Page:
PPA Profiles: Carole Eisner
August 18, 2016
Carole Eisner, the award-winning artist behind this year’s popular Art in the Parks exhibition, has shown her sculptures all over the world. Her monumental works—created from I-beams twisted into lyrical forms—have graced public spaces from Albany to Asia, and this spring landed in Brooklyn.
Four of Eisner’s sculptures are placed around the Park and can be found at Grand Army Plaza, Litchfield Villa, Bartel-Pritchard Square and the Peninsula. Ranging from six to 17 feet tall, the sculptures are intended to evoke line drawings, and are simultaneously playfully light and solidly industrial. In Eisner’s mind, the works do not represent nature, but are intended to complement it.
Growing up near Joyce Killmer Park in the Bronx, Eisner was always drawn to art. She received a Mademoiselle Award for Fashion Design in 1961, and worked as a fashion designer before establishing a painting career. Throughout her life, Eisner has continued to explore new mediums and fabrication methods. She became interested in the possibilities of I-beams while working with a steel manufacturer in Connecticut, and has spent the last decade constructing sculptures like those found around the Park.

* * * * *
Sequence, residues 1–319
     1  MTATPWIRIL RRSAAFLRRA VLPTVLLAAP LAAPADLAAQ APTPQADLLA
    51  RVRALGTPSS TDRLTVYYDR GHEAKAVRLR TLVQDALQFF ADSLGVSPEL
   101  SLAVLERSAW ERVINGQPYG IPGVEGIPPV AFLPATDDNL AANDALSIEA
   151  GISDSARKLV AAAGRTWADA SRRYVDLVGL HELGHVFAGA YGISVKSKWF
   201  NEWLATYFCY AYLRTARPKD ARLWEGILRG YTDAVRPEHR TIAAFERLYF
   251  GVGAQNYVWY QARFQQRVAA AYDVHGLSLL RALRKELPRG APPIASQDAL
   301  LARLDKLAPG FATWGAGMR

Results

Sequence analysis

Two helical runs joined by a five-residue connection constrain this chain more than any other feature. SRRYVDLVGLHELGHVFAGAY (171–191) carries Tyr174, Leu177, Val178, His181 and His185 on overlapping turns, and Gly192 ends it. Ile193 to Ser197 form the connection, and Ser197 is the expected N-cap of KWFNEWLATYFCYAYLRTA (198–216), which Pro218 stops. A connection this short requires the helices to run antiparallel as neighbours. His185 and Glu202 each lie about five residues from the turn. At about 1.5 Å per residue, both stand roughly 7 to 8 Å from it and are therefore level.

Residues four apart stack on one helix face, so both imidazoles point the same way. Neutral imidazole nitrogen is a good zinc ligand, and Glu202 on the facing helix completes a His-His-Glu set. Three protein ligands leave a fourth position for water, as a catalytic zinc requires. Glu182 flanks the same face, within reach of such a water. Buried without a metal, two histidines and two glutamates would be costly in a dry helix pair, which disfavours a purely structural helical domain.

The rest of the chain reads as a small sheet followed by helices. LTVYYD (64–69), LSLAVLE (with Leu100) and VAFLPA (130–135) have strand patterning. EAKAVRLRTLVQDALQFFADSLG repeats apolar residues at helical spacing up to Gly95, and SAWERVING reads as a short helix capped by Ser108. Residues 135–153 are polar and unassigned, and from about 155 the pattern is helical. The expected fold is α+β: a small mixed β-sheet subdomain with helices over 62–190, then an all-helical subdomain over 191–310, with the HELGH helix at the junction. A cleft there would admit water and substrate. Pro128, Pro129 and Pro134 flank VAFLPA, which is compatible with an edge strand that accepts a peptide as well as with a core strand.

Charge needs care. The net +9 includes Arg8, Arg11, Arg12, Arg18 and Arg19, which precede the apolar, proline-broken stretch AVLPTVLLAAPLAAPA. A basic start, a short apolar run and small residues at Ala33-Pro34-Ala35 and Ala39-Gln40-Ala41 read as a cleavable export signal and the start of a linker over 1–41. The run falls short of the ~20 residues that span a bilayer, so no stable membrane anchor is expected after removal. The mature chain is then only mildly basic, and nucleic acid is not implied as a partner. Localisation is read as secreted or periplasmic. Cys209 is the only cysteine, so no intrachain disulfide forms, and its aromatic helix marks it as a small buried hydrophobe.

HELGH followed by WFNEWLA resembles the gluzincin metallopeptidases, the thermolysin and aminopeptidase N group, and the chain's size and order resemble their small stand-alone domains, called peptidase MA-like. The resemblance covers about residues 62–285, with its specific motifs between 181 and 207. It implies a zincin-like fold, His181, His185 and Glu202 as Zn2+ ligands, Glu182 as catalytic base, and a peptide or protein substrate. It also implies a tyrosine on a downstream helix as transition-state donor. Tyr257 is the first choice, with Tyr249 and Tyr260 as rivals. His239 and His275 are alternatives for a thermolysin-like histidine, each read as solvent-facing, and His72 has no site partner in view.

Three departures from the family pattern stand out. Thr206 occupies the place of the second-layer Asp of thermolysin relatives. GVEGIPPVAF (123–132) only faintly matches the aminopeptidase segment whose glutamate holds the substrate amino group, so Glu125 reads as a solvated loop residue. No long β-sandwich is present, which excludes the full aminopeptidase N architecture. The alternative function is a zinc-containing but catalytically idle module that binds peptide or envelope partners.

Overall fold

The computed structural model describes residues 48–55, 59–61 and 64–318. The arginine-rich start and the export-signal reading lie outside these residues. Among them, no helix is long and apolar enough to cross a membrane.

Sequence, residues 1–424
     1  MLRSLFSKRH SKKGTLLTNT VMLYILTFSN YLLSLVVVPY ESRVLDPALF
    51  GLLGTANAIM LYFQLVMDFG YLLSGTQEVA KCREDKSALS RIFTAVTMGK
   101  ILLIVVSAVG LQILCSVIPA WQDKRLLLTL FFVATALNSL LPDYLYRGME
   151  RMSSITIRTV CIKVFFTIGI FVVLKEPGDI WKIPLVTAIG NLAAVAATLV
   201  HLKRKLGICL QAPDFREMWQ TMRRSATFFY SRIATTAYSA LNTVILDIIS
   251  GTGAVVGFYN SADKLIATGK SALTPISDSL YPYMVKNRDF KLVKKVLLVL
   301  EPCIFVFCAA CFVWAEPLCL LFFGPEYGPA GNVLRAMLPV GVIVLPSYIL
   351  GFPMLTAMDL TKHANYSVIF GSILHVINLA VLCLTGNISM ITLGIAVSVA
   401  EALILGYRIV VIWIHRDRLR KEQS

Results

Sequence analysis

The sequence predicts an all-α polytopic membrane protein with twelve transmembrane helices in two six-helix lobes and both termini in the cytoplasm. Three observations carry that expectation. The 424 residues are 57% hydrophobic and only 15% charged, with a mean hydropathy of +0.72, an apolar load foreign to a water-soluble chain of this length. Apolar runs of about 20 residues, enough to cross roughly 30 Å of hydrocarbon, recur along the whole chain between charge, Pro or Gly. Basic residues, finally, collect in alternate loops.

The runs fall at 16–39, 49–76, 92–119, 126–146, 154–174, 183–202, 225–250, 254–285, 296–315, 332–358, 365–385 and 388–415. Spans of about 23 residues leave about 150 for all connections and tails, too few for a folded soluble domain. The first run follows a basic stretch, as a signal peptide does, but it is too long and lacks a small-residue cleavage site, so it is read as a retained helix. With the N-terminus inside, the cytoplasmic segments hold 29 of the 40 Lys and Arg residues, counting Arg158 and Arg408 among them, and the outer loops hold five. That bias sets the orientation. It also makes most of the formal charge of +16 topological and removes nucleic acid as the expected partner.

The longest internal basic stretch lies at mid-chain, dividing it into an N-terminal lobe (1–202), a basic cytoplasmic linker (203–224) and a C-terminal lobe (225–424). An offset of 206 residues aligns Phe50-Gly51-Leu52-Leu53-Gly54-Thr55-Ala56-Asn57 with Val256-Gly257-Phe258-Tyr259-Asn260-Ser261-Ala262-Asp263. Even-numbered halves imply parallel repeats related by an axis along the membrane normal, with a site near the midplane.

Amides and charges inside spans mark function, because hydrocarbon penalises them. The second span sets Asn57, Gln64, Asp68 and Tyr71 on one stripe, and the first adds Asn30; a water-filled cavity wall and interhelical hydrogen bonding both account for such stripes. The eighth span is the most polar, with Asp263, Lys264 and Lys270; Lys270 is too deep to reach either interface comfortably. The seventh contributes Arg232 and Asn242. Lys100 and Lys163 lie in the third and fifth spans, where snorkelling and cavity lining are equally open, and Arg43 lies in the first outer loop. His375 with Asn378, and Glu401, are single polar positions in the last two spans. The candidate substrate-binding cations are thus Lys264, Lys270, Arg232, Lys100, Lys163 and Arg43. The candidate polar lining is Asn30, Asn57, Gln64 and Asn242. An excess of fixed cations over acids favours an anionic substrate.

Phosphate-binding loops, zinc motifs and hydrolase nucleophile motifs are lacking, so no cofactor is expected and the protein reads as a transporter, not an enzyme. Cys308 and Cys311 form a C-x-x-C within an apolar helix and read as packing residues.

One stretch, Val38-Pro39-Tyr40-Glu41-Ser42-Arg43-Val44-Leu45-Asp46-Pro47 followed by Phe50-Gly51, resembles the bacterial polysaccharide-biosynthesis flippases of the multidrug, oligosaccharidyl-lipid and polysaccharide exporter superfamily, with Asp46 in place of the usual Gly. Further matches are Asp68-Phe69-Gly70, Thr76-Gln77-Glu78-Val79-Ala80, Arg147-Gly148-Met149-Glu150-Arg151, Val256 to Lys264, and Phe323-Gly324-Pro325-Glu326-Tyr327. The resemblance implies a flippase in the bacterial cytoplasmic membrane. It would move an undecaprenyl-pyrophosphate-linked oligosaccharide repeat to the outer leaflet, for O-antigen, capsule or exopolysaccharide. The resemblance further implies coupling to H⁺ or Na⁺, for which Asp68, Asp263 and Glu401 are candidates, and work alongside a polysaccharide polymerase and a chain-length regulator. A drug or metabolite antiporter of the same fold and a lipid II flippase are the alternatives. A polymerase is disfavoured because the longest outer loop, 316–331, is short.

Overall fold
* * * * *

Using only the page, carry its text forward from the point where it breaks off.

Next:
Upon being invited to display her work in Prospect Park, Eisner chose locations for each sculpture in conjunction with NYC Parks and the Prospect Park Alliance. Each piece reflects its location, and highlights the flow and beauty of the natural landscape.
These popular works will be on display until May 2017, and park visitors have already taken a shine to them. To Eisner, this is just how it should be. The works are meant to be in nature, and she believes they are enlivened by the people around them.
Eisner and her daughter work together at the gallery Susan Eley Fine Art. To celebrate the Prospect Park installation, the two will host free tours of the Park on September 20 at 11 am and 1 pm (with a rain date of September 27). RSVPs are required in advance, please contact Susan Eley Fine Art.
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